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I would like to take pictures on my 35mm film camera that are wider/longer. Is there any way to do that on a film camera without just cropping the photo? Can I use different sizes on film on my camera or would i have to buy a whole new camera?

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The size of the photo depend of frame, which is inside the camera, usually between shutter and film. So to make panorama like photo (if this is what you mean by "wider/longer") you should crop the photo. Here is example of this "frame"

Or buy new camera which is created for such kind of photos.

EDIT: You can use one "hack" putting two bands of nontransparent material on the upper and lower part of this frame. But this will move the film slightly behind (loose focus), put in dangerous to scratch the film. And at the end there will be no different than crop in postproduction :)

Edit 2: "Using" answer from Horitsu you can buy anamorphic lens. Unfortunately those lens are quite expensive (> 500 USD/Euro) and often they come as adapter to particular lens. The downside is you should use anamorphic lens with same ratio when you print your photos on paper or stretch the scan in postproduction.

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A roll of film is fully "photosensitive". It's not the case that there are predefined "frames" where a photo can appear - the size of the frame that is exposed depends explicitly on the camera - you can't buy "panoramic film". There are cameras that expose different frame sizes, but the standard size for cameras using 135 film is 24mm x 36mm.

If you are looking for a camera that exposes a wider image, take a look at the Hasselblad XPan (aka Fuji TX-1) or Hasselblad XPan II (aka Fuji TX-2). This is a discontinued camera, and a used (working) one will not be cheap. It exposes wider frames by essentially using medium format lenses (or rather, lenses that project an image circle wide enough for medium format). The Lomographic Society offers some cameras that will expose the image over the film's sprocket holes. Look for their "Sprocket Rocket" camera series - this can be a less expensive way of experimenting in this area.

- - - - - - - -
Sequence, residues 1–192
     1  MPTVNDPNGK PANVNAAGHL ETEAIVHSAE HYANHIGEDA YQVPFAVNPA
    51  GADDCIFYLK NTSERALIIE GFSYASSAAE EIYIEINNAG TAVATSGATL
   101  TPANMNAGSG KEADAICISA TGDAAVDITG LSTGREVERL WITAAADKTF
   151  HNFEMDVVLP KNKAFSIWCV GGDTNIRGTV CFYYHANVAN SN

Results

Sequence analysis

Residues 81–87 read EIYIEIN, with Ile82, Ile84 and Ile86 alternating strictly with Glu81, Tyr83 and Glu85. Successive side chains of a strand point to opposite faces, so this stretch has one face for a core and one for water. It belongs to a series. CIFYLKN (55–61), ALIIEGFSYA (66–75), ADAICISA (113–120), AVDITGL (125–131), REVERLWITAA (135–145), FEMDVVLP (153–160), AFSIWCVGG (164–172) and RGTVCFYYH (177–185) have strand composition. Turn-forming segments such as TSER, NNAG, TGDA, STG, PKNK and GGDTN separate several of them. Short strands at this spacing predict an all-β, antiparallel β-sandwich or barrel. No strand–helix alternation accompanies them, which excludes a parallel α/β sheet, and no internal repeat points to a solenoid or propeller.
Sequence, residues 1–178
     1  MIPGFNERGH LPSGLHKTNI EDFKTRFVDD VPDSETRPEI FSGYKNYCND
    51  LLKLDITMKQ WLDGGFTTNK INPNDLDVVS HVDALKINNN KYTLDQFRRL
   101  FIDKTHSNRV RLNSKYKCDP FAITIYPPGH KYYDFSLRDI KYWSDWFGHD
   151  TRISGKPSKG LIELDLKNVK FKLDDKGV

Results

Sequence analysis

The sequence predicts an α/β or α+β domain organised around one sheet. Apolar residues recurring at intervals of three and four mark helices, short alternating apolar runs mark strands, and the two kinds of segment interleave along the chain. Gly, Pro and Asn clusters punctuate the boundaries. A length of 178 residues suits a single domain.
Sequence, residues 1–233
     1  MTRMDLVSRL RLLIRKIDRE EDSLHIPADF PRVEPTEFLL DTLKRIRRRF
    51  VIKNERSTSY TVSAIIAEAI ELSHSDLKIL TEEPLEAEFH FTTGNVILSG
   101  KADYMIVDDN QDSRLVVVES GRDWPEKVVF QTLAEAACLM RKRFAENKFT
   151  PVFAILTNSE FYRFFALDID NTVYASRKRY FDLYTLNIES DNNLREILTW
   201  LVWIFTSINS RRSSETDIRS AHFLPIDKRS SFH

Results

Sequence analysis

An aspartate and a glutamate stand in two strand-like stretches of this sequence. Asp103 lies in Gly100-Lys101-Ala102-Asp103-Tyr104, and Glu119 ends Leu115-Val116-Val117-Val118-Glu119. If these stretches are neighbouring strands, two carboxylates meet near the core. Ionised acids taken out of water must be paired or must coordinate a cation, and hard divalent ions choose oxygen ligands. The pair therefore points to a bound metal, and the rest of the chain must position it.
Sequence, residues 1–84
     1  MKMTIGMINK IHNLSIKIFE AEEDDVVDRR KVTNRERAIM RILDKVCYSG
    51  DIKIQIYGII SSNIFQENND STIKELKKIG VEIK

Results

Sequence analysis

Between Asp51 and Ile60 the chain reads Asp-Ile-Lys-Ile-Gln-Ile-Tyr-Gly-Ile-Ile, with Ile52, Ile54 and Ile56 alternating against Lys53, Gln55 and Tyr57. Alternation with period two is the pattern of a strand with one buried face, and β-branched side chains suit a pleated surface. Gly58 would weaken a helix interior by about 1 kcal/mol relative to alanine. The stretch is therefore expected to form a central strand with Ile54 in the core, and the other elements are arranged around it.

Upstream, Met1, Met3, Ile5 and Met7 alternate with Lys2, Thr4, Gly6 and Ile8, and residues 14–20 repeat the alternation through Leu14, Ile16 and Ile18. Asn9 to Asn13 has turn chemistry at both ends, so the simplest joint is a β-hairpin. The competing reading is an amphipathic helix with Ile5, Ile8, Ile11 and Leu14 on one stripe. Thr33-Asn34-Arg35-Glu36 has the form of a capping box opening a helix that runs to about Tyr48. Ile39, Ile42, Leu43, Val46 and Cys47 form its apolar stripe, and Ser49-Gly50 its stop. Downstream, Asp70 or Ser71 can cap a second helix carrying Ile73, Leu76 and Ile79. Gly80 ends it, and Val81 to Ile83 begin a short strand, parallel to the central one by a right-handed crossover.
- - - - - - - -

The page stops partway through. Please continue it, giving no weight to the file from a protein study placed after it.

There are also rotating-lens panoramic cameras, where the lens is in a kind of turret that rotates when you take a photo. A much wider strip of film is exposed. The Lomographic Society also offers one or two models in this category, called "Horizon". I own a Noblex 135 S and I love the results I get with it. This is a quirky style of photography, with its own idiosyncrasies - and possibly not to everyone's taste.

Note that developing film is the same regardless of what camera is used, but printing/scanning images may not be as straightforward when the frames are not standard 24mm x 36mm.

It would probably be worth your while reading this related (duplicate?) question, and my answer there:
Wide aspect ratio (not panorama) 135 camera?

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    Also Lomo Spinner 360 and loading 35mm film into bona fide medium format cameras. – xiota Jul 26 '18 at 10:40
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There are purpose-made cameras that shoot very wide format shots on 35mm film, e.g. the Hasselblad XPAN, which shoots a 24x65mm image (standard 35mm format is 24x36mm).

Another option is a medium format camera with a wide-format 35mm back, such as the Bronica SQ series with the 135W back. It shoots about 24x58mm (I'm estimating the second measurement, but it'll be just shy of 60mm since the system is designed for 6x6cm rollfilm). These backs seem rare and quite expensive, which is unfortunate, since I'd love to have one for my SQ system. :)

Of course, you can just shoot standard 35mm images and crop the top and bottom (some cameras will have a built-in mask system that will do this for you, but you can simply do this yourself). You can also shoot larger formats, like 120 rollfilm, and do the cropping yourself and maintain higher quality, since you're using a larger negative.

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